“27. In this connection, we make it clear that deletion of the said concept of catch-up Rule of seniority and addition of consequential seniority due to reservation in promotion on any post or grade in service are applicable to the member of scheduled castes and scheduled tribes only, whereas inter-se seniority of other categories employees shall continue to be determined according to their existing seniority rules as contemplated by the provisions of Rules 6, 7 and 8 of 1991 Rules, subject to aforesaid limitations. Thus the concept of catch-up Rule of Seniority stands obliterated only to the extent of giving benefit of consequential seniority to the members of scheduled castes and scheduled tribes on account of their promotion on any post or grade in service due to reservation, therefore, the scope of obliteration of concept of catch-up rule is limited to that extent. In this view of the matter the petitioner is not entitled to get the relief sought for in the writ petition questioning the validity of said Rule 8A of 1991 Rules. Thus we uphold the validity of said Rules and the question formulated by us is answered accordingly.”
It is interesting to note that in paragraph 29 of the said judgment the Division Bench expressed thus: -
“29. However, since the petitioner did not challenge the Constitutional Validity of Law regarding reservation in promotion in favour of scheduled castes and scheduled tribes existing in State of Uttar Pradesh which is applicable to the services and posts in connection of affairs of State of Uttar Pradesh inasmuch as other services and posts covered by said Reservation Act 1994, in our opinion, the petitioner shall not be permitted to raise this question by filing any other writ petition again. In given facts and circumstances of the case, we are not inclined to issue any mandamus, commanding the respondents, not to proceed with impugned seniority list for the purpose of promotion on the next higher post without expressing any opinion on the merit of said seniority list. We are also not inclined to issue any such restraint order, staying any promotion on the next higher post, if the respondents are intending to make such promotion on the basis of impugned seniority list.”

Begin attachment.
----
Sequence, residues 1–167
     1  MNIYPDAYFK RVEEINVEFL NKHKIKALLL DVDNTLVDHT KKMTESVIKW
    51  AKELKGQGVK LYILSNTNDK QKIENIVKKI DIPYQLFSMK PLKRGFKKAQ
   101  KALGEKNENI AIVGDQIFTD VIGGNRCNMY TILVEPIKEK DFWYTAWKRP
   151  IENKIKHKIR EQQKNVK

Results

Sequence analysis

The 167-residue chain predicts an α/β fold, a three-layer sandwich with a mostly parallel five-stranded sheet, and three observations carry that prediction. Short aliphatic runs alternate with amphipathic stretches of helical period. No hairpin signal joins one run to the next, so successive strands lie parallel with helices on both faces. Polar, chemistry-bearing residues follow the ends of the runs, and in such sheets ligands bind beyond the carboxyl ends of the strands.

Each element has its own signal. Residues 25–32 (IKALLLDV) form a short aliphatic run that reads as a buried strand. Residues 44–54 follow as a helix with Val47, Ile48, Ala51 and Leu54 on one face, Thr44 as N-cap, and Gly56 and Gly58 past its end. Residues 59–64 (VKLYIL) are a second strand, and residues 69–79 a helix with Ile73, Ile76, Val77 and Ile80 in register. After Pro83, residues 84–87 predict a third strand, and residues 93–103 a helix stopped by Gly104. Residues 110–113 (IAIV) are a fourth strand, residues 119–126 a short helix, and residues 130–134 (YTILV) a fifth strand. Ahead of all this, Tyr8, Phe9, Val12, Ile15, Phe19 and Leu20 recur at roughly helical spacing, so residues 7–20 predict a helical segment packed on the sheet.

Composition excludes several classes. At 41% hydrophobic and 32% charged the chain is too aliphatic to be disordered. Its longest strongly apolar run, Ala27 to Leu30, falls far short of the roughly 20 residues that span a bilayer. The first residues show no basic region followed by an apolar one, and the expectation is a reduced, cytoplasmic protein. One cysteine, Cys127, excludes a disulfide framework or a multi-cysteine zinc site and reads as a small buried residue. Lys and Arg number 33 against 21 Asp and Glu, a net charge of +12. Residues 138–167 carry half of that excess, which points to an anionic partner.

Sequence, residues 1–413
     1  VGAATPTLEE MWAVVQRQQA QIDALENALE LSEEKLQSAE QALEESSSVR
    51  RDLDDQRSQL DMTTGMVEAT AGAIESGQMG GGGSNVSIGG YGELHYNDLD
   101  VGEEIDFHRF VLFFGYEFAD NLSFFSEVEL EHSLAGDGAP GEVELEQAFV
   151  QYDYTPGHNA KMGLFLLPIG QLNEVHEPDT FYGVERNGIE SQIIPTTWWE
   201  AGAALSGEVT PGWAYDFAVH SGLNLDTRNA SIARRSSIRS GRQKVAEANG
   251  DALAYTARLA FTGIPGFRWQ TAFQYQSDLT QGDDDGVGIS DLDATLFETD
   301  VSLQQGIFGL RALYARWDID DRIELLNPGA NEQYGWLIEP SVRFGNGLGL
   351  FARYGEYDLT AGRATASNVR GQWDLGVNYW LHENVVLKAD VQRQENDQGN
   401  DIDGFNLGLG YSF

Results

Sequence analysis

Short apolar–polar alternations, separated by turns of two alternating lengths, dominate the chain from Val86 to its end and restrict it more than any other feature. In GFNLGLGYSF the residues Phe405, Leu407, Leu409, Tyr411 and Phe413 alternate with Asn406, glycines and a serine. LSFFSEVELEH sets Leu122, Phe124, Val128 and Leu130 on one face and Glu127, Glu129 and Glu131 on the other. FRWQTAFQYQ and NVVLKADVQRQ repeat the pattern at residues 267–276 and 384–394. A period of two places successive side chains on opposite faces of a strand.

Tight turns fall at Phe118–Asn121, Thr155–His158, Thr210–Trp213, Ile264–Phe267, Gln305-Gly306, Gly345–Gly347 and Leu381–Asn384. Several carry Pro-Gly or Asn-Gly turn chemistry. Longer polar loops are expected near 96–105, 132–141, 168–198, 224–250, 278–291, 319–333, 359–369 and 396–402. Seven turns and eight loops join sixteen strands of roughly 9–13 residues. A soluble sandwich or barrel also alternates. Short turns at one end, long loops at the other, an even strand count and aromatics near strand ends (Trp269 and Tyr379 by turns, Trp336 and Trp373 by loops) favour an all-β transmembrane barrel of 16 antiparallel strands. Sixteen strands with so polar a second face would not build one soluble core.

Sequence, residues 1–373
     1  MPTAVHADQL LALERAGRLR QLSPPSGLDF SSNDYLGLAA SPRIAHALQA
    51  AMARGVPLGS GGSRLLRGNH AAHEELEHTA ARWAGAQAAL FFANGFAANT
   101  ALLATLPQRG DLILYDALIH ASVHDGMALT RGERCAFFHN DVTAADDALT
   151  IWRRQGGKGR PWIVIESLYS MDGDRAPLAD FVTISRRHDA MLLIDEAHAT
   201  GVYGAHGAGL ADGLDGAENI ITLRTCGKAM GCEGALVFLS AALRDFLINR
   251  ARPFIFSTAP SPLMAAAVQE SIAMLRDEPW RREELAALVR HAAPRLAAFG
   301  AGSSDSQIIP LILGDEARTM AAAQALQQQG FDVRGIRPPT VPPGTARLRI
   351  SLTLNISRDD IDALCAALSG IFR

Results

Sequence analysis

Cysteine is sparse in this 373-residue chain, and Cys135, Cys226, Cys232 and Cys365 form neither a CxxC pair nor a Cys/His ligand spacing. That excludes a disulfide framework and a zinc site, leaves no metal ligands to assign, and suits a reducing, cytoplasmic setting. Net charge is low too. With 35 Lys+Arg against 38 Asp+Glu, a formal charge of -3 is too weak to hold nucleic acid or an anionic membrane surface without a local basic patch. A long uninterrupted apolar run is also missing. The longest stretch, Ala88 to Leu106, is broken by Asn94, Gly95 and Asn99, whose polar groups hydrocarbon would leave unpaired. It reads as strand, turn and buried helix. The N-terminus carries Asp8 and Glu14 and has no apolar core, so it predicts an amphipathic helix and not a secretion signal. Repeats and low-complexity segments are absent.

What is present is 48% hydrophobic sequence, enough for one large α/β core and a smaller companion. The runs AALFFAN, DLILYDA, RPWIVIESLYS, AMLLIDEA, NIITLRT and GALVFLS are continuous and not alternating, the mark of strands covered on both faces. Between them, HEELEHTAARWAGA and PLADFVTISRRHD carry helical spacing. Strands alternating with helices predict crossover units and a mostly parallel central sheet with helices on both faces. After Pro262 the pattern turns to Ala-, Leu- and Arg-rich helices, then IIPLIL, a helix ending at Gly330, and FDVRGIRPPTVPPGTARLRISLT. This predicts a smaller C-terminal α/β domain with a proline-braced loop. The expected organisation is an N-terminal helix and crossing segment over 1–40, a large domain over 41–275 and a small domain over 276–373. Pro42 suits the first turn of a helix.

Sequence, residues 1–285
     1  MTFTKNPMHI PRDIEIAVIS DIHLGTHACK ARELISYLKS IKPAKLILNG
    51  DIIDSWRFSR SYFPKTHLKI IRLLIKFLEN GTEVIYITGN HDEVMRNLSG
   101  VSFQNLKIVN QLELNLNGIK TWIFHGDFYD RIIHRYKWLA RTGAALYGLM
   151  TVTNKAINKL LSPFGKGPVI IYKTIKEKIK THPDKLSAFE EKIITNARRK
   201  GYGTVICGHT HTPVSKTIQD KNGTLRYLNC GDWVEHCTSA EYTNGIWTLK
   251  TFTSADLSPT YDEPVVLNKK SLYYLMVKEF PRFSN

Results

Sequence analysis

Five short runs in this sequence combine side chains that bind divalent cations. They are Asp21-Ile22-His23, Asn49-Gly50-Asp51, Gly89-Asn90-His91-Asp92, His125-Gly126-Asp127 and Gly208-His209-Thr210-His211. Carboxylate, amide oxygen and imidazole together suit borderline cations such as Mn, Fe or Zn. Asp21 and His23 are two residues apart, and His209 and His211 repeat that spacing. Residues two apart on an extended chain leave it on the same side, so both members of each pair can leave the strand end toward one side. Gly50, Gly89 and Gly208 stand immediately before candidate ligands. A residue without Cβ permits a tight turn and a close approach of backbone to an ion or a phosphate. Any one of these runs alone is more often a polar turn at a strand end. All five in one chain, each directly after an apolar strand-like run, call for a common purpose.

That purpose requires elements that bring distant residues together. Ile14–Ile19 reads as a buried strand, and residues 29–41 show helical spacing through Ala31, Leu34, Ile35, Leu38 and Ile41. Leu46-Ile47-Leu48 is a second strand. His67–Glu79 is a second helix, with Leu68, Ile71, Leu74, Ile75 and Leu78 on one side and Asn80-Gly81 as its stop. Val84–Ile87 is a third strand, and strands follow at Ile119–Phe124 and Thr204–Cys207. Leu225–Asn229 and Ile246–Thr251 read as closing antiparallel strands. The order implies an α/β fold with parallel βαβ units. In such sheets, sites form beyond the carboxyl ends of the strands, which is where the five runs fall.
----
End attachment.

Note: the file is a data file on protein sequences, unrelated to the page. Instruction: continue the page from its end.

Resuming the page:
8. We have been apprised at the Bar that it was brought to the notice of the Division Bench at Allahabad that certain writ petitions, where there was comprehensive challenge, were part-heard and the hearing was in continuance at Lucknow Bench, but, as is vivid from the first paragraph of the said judgment, the Bench heard the learned counsel for the petitioner and the standing counsel for the State and caveator and proceeded to decide the matter without a counter affidavit.
9. Presently, we shall advert to how the Lucknow Bench dealt with this decision.
10. After stating the basic pleas, the Division Bench at Lucknow proceeded to state as follows:-
“.......but before we proceed to decide the validity of the challenge made and the defence put, we find it expedient to respond to the foremost plea of the respondents that the aforesaid Rule 8-A of the U.P. Government Servants Seniority Rules, 1991, (hereinafter referred to as ‘the Rules, 1991), was challenged before a Division Bench (Hon’ble Sheo Kumar Singh and Hon’ble Sabhajeet Yadav, JJ) at Allahabad in Writ Petition No. 63127 of 2010 in re: Mukund Kumar Srivastava versus State of U.P. and another, which writ petition has been dismissed upholding the validity of the aforesaid Rule 8-A, therefore, this Court is bound by the said judgment passed by a Bench of equal strength and hence all these petitions need be dismissed only on this ground.”